“Travis, the point!” Sabina blurts out, startling Ben.
“So yeah, basically the back of the plane on a thinly-booked flight is like your own private cabin with it’s own personal bathroom. There’s a far smaller random-asses-to-toilet-seat ratio, if you know what I mean. Plus, with such a conveniently-located pisser, I wouldn’t have to sweat the three refills I’d downed before boarding, just the imminent sugar crash from sixty-six ounces of refined sugars. So that’s why I was dawdling. I was in no rush bringing up the rear of the boarding line like that.”
“But then, my nostrils pick up the unmistakable scent of—what’s that shit called? Oh, yeah, Barbasol—right, so I smell Barbasol wafting down the gangway toward me, which, you know, proves that a good, creamy lather is still a great way to kickstart a real man’s man’s morning, am I right? But then I see that it isn’t necessarily just some random old man giving off the smell—it’s Mr. Fucken Twitchy, who, at this point, I think looks like he’s totally overloaded with caffeine and nerves. The guy’s got a real case of the sweats going on, pit stains all spread around his torso from shoulder blade to nipple on both sides and shit. So I suddenly feel kind of bad for the poor bastard, which makes me feel good because I’m thinking positively about someone else again for a change, see?”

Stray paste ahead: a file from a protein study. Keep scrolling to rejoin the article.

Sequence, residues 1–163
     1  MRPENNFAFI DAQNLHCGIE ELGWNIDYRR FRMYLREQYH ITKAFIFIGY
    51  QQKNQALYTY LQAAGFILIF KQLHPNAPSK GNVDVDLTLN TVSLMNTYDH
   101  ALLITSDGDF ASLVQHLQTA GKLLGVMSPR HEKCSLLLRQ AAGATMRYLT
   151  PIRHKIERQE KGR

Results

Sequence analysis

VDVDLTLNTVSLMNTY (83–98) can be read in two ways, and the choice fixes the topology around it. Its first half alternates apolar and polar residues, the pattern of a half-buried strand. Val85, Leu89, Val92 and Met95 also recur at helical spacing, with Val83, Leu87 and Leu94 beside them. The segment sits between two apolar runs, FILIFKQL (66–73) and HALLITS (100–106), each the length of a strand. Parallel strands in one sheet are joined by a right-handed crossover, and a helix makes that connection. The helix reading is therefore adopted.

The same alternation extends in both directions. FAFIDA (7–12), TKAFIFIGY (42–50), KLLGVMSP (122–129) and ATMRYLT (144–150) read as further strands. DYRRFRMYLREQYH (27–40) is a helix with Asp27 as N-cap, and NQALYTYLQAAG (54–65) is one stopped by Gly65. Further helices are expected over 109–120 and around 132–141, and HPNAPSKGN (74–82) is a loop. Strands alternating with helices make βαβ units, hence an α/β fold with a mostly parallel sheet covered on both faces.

Ben begins calculating the probability of a MAT bus crashing through the front of the building any moment and thereby creating a diversion for his and Sabina’s escape. His conclusion: infinitesimal.
“That’s—um, really good, Travis,” Sabina says, disinterested, looking past Travis’s shoulder to check the time, immediately realizing this story of his is seriously cutting into the morning’s productive work time. “It sounds like this whole positivity thing is working wonders for you.”